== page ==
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Recognizing "Secondary Meaning in the Making" Would Protect New Trade Dress

Following is a guest post from my former student and recent UWSL LL.M. graduate, Pongtawat (“Val”) Uttravorarat, on “secondary meaning in the making,” a doctrine he argues would help startups like new restaurants protect their creative trade dress.

Imagine you open a new restaurant with unique décor that you’ve been refining for months. Right of the bat, someone is so impressed with your design that he or she opens a restaurant with a very similar design. What can you do?

Normally, a trade dress owner has to prove its trade dress is inherently distinctive or has acquired secondary meaning through length of use, number of sales, and advertising expenditures. However, after the Supreme Court’s decision in Two Pesos, Inc. v. Taco Cabana, Inc., 505 U.S. 763 (1992), there is no bright line defining whether trade dress is deemed inherently distinctive. Confusingly, subsequent courts have applied inconsistent tests.

If you fail to show the distinctiveness, you are left with one option: to show that consumers have associated the unique décor with a single source of restaurant services. Establishing secondary meaning takes time…. Not just few months; it takes years. What if you are a startup? How can you show you have acquired a secondary meaning in only a few months and a modest amount of money spent promoting your new restaurant? If you cannot, should you lose your design to a copycat? This is one of the problems many startup restaurants face: they cannot protect their trade dress against intentional copiers.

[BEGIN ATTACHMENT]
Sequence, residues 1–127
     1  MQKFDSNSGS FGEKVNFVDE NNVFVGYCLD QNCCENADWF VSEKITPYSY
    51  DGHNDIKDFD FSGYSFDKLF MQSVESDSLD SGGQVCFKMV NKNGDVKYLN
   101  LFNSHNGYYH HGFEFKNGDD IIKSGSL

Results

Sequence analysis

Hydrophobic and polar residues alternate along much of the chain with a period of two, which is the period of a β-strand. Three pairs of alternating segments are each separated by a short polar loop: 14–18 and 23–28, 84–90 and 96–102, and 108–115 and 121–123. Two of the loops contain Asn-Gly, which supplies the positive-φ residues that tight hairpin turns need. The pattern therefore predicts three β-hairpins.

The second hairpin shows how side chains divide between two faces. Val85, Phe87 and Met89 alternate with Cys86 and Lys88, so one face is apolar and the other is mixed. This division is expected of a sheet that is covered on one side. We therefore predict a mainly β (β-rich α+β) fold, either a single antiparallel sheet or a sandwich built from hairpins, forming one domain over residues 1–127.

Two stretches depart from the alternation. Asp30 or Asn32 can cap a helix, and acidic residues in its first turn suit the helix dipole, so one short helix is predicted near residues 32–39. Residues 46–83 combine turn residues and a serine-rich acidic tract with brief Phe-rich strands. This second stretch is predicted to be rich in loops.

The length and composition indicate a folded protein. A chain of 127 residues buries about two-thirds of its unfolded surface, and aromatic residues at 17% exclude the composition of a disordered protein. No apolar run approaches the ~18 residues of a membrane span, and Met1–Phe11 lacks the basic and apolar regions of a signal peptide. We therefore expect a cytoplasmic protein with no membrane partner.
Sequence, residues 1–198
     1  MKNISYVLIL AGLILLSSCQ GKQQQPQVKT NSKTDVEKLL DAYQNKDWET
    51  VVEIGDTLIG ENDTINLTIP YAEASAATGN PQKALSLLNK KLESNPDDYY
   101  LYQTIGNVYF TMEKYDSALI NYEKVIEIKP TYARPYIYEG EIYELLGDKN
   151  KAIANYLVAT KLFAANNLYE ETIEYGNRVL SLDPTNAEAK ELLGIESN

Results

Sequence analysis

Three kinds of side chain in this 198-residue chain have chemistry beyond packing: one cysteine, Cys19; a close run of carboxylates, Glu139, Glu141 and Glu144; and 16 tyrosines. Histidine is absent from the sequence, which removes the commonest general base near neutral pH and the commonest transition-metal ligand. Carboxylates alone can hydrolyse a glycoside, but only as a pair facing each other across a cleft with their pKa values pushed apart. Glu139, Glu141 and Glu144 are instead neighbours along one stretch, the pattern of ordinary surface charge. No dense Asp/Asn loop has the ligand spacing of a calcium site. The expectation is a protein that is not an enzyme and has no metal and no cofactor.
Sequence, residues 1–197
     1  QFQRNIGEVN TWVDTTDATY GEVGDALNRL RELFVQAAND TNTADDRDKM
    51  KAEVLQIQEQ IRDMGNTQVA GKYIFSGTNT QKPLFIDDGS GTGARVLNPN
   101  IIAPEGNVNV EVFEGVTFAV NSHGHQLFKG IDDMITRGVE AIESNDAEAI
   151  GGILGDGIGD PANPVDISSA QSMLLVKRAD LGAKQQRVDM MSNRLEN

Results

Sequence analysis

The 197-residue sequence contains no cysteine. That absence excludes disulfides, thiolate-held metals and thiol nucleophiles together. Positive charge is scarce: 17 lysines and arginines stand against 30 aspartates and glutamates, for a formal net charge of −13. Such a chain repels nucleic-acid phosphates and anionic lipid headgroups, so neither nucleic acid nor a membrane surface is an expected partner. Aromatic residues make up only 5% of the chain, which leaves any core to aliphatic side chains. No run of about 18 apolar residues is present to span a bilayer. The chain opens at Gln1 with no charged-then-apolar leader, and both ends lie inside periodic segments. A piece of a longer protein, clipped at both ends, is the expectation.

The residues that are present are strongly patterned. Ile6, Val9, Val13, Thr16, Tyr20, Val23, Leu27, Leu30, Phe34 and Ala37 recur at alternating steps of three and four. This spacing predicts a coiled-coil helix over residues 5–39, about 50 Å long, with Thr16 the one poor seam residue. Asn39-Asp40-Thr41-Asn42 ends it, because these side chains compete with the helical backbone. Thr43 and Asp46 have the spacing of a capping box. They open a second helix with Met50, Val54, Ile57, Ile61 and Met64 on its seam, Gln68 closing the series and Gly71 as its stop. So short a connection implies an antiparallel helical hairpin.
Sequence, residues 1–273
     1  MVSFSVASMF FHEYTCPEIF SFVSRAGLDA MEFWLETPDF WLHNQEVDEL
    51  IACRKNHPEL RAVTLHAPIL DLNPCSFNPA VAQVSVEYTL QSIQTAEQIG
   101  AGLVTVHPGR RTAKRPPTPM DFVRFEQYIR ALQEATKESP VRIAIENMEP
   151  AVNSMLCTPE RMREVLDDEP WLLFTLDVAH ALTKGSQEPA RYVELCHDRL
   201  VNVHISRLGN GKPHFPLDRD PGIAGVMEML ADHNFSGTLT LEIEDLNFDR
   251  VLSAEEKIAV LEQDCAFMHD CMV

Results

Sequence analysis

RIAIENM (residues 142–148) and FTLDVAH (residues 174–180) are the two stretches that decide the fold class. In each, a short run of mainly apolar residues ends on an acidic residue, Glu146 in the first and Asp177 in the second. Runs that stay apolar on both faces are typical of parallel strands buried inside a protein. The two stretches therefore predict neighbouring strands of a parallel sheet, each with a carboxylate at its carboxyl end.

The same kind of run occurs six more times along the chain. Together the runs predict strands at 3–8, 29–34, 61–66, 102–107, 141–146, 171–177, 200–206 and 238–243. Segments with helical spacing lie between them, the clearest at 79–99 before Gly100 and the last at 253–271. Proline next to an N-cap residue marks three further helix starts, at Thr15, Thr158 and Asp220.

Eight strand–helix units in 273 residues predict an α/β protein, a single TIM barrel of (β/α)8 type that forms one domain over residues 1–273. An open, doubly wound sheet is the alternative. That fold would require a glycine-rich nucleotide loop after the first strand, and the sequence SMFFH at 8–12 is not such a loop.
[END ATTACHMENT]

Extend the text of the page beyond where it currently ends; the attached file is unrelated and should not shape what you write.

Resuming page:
Since design patent protection is costly – and stopping copying through copyright in this situation can be difficult – I suggest courts adopt a “secondary meaning in the making” doctrine to loosen the burden of proving secondary meaning. Such a doctrine existed in the 1980s, particularly in the Second Circuit, but it was pretty well eroded by the early 1990s. In my view, the doctrine still has merit in connection with startups.

The secondary meaning in the making doctrine protects trade dress that has not fully developed secondary meaning, but is in the process of doing so through the owner’s advertising and efforts to protect it from being deliberately appropriated or copied in bad faith. The doctrine would help startup restaurants protect their valuable trade dress against intentional copycats by showing that consumers have begun to recognize particular décor with a particular restaurant. 

However, courts would need to set a clear standard for determining what evidence is required to prove secondary meaning in the making, while remaining flexible enough to make such determinations on a case-by-case basis. Allowing startup restaurants to prove secondary meaning in the making would promote new innovation because competitors would not be allowed to copy original trade dress and instead would be forced to create their own original designs. In the end, consumers would benefit.

Mr. Uttravorarat’s thesis on the doctrine of secondary meaning in the making, “Resounding Secondary Meaning in the Making Doctrine: Solution for a Startup Restaurant with Non-Distinctiveness Trade Dress,” is available here

Posted on September 25, 2011 by Registered CommenterMichael Atkins in | CommentsPost a Comment

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